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Your Money Relationship

Taking ownership of your money story


Kim Potgieter

Kim Potgieter

July 25, 2018
I am constantly reminded how challenging money stories can be. To fully understand your money story takes some introspection – it is hard work try to make sense of the psychology and the personal drivers behind your particular relationship with money.

Bruce Lee expressed it so beautifully by saying “As you think, so shall you become” – and I am reminded that this is why we do it. We are the ones that give meaning to money. And the meaning we give to money manifests in our self-statements and behaviour. And once we understand our money story, we understand what we believe about money, and why we have certain attitudes and behaviours around money. And the hard part? You have to own your story! By owning your story, you can begin to understand all the money patterns that is governed by your story.

I consider my own money journey.  My parents had a very dysfunctional relationship with money, and I realise how it has shaped my own attitude towards money. In our house, my father was in charge of all the money and gave my mom a housekeeping allowance. Watching television during the day was forbidden, the tumble drier and deep freeze were locked in the garage and the telephone under lock and key. I remember the anxiety as my mom pleaded with my father to give her extra money for Christmas presents.

Don’t misunderstand me: we had money – and enough of it. It’s just that my dad bullied my mother and used money as a means of control. As a result, I have resolved to always be financially independent and often remind myself that my past is not my present.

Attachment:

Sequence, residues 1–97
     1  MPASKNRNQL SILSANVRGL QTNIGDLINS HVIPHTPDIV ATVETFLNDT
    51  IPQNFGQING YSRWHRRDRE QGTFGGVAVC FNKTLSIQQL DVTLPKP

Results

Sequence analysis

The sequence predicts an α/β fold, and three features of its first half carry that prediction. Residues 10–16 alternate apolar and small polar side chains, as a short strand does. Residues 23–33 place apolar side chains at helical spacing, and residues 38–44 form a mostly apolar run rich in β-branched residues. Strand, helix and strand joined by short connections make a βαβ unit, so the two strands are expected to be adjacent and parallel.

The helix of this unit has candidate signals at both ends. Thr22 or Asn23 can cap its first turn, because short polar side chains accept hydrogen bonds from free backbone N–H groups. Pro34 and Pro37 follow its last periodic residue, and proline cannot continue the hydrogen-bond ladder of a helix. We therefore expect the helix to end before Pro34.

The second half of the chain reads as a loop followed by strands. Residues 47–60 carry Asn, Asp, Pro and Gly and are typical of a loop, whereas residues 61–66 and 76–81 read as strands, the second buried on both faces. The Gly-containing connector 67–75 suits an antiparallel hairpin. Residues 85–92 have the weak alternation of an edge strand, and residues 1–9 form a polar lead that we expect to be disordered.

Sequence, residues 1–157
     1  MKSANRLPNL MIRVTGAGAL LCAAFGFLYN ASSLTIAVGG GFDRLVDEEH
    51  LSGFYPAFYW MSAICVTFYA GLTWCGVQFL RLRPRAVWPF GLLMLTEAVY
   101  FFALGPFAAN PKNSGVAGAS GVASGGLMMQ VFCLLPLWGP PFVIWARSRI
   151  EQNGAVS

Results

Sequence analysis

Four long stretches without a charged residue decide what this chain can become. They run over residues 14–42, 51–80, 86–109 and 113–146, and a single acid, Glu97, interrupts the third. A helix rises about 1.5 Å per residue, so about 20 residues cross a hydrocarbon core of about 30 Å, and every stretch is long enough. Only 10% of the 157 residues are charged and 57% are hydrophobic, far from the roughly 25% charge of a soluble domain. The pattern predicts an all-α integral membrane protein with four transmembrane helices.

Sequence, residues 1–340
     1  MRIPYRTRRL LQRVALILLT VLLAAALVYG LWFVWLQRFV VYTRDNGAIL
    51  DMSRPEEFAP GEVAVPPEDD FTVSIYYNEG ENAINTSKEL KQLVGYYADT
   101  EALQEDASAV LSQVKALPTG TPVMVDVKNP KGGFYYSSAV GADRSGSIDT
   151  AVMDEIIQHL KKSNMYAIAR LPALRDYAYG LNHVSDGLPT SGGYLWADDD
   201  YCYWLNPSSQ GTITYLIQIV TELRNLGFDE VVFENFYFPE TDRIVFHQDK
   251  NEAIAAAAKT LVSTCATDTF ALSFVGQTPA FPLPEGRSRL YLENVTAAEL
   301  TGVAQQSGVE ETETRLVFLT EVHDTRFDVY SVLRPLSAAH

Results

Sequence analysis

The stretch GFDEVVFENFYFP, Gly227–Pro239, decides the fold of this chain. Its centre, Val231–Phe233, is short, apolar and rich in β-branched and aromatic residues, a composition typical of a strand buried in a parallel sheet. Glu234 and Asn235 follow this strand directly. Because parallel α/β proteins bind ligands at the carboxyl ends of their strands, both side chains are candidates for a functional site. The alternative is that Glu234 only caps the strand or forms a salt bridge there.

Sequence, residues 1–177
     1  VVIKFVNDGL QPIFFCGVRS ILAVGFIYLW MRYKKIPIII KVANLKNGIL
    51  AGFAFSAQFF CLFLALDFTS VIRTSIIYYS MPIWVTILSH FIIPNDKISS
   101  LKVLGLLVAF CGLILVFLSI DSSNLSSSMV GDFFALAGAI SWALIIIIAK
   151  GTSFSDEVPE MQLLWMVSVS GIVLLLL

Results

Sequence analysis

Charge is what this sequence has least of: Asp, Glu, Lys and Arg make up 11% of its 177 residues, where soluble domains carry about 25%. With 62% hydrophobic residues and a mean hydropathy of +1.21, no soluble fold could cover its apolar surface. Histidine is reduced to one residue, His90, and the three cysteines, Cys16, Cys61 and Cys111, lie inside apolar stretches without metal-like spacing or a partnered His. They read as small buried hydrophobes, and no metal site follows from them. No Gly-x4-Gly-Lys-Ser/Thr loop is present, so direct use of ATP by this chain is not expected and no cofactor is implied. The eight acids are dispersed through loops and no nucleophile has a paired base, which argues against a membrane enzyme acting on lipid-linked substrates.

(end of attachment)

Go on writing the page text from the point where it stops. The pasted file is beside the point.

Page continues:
How you spend money, what you spend money on, whether you feel worthy of earning or spending money on yourself, these are money patterns. And some patterns can be debilitating.

So how do we explore these money beliefs and make it more conscious?

A good starting point is to look for clues in your past that will help you to understand your current financial life. Start by spending time considering the very root of your relationship with money and try to make sense of how these patterns were formed. Ask yourself: How did your parents talk and behave around money; what did your parents tell you about money?

For example, if one of your early money memories was hearing your parents telling you that you have to work hard for your money, then this could influence how you view money today. I often meet clients who feel that if they are not working incredibly hard for their money, that they are not deserving of earning the money.

Here are some other money patterns that I often come across in client meetings: the feeling of not being worthy of earning money; the irrational fear of losing all your hard-earned money, the fear of not having enough money and the incapability of spending money on yourself.

My suggestion is to write your thoughts about money down. Once they are written down on paper, it is much easier to look at them objectively, compartmentalise and understand them.

Now, write down what you believe about money today. What do you use money to express or do? Here are some pointers to think about: How do you spend money on yourself; why spend money on others; do you use money as a reward, to create opportunity, to control or punish?

Believe me, this process is not as simple as it seems. But once we get through this process, and understand where money fits into our lives, whether it’s serving us or whether we need to make changes to the story, the mindshift begins to happen.

Owning your story is important. Being accountable is to understand that it is not something that “happens” to you, but something you can control. Embrace that you will no longer be the victim of your money story, but the conqueror, the hero, the one in charge.

My next blog will be about analysing your money story, deciding what works for you and what part of your money story no longer serves you. Only then can we start looking at how we can change our money destiny.


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